US Republican presidential candidate Donald Trump speaks at a rally organized by the Tea Party Patriots against the Iran nuclear deal in front of the Capitol in Washington, DC, on September 9, 2015.  (Photo credit: NICHOLAS KAMM/AFP/Getty Images)

“Many of us are gravely concerned that this budget deal not only raises spending but kicks the can down the road without doing anything substantive to rein in our deficit,” Freedom Caucus Chairman Mark Meadows of North Carolina told the Daily Caller.

Like every budget bill, nobody got everything they wanted. But, did the president really get much at all? Does it advance the goals of his administration, his supporters, and the mandate he was given when he was sent to Washington to drain the swamp?

During the 2016 campaign, Trump and most of his fellow Republican candidates promised to cut down the national debt, build a wall at the southern border, and defund Planned Parenthood. This budget doesn’t accomplish or even move the nation closer to any of those goals. In fact, when it comes to the debt, it moves the country further in the opposite direction, and some worry that the budget moves America closer to another financial crisis.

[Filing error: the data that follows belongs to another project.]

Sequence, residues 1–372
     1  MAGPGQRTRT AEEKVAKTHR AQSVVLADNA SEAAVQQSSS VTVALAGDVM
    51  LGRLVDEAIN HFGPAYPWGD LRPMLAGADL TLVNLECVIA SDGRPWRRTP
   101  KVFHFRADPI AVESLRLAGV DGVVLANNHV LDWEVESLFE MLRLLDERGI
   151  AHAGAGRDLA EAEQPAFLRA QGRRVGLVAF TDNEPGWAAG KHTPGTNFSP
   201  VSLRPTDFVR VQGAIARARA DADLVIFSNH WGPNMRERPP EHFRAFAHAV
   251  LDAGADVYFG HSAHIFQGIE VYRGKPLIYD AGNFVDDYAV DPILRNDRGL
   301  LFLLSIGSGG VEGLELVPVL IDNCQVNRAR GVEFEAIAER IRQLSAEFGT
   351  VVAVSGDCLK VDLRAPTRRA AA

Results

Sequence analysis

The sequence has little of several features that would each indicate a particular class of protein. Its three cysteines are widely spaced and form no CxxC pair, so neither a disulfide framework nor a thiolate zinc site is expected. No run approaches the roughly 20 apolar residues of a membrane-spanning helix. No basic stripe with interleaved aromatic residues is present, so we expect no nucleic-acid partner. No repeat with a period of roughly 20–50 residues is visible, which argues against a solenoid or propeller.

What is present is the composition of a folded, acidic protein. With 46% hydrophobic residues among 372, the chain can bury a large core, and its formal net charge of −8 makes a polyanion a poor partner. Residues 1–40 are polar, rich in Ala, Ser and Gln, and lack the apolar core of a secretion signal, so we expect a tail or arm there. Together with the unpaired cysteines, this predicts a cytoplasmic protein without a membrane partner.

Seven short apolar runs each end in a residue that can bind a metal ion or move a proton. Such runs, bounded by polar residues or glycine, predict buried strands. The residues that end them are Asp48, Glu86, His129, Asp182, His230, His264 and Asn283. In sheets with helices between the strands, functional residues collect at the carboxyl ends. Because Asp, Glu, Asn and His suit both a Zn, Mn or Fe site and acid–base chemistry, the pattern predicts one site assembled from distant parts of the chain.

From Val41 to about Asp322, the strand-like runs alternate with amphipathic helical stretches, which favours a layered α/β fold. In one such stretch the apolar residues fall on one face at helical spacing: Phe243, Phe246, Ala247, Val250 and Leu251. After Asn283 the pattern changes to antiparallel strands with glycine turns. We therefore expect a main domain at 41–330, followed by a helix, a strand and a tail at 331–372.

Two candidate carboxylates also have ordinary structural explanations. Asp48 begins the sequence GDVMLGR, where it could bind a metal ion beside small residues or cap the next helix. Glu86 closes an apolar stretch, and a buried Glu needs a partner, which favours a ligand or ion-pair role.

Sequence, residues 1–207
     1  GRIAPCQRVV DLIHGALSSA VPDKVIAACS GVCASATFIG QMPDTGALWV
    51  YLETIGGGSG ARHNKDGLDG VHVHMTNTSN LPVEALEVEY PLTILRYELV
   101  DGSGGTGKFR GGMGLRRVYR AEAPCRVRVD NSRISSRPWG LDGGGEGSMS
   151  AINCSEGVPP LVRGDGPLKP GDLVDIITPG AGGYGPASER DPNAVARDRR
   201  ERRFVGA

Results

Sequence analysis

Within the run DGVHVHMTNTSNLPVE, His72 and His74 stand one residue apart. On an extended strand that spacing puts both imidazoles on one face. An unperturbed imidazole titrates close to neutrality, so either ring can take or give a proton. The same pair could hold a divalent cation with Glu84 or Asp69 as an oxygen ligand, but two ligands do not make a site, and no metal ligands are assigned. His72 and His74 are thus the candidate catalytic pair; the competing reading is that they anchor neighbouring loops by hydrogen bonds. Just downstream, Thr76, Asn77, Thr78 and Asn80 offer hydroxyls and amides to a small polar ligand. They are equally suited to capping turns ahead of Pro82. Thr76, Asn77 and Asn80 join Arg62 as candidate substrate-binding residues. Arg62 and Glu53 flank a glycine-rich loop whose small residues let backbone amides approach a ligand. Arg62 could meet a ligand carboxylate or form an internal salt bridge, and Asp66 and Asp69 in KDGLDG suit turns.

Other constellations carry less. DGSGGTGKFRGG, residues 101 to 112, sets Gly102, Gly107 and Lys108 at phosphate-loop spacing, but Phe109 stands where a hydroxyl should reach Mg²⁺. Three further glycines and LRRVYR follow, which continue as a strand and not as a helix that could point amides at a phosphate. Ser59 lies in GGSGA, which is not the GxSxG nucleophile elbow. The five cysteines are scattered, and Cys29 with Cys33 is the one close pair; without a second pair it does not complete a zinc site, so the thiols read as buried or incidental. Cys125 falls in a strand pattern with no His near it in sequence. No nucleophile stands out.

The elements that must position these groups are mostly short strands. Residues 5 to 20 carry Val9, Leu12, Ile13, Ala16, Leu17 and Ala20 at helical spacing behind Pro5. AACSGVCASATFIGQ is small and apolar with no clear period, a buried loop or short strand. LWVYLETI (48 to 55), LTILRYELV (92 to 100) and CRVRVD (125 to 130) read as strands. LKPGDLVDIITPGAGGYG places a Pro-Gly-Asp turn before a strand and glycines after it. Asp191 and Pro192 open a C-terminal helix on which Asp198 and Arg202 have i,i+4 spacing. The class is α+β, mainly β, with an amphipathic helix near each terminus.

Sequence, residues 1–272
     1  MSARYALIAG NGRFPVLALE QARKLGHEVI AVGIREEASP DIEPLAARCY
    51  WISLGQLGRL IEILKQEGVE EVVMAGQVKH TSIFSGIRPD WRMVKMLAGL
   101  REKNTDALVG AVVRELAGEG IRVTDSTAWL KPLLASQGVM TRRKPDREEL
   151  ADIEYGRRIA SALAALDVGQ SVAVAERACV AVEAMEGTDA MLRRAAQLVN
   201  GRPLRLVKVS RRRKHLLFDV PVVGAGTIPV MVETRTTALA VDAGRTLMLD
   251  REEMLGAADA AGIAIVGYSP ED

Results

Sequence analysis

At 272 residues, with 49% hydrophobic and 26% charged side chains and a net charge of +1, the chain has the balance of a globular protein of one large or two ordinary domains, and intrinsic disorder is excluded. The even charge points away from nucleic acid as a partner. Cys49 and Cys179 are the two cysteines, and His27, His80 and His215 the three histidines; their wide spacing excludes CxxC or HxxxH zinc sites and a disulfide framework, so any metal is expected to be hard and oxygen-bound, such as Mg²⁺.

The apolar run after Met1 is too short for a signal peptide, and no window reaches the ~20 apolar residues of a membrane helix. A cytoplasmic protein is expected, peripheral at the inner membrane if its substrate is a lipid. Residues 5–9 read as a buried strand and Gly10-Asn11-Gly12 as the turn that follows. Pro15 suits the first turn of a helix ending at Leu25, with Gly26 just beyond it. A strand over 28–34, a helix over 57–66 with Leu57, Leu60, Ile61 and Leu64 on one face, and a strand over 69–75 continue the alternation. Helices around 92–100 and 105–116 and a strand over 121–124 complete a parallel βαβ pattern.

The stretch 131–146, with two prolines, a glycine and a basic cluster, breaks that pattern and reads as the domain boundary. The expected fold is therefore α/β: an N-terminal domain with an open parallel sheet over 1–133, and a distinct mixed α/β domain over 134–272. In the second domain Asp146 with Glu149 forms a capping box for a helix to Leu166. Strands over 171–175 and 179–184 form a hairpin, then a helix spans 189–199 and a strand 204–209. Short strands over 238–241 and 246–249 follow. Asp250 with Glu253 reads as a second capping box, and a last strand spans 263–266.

“At some point, we have to be willing to confront this issue in a serious way and stop bankrupting our children and grandchildren,” Meadows said.

Libertarian-leaning Senator Rand Paul of Kentucky said the deal “violates every principle of conservatism.”

“The deal allows unlimited borrowing until after the next election and eliminates the spending caps,” Paul tweeted earlier this week. “Every conservative in America should respond in outrage.”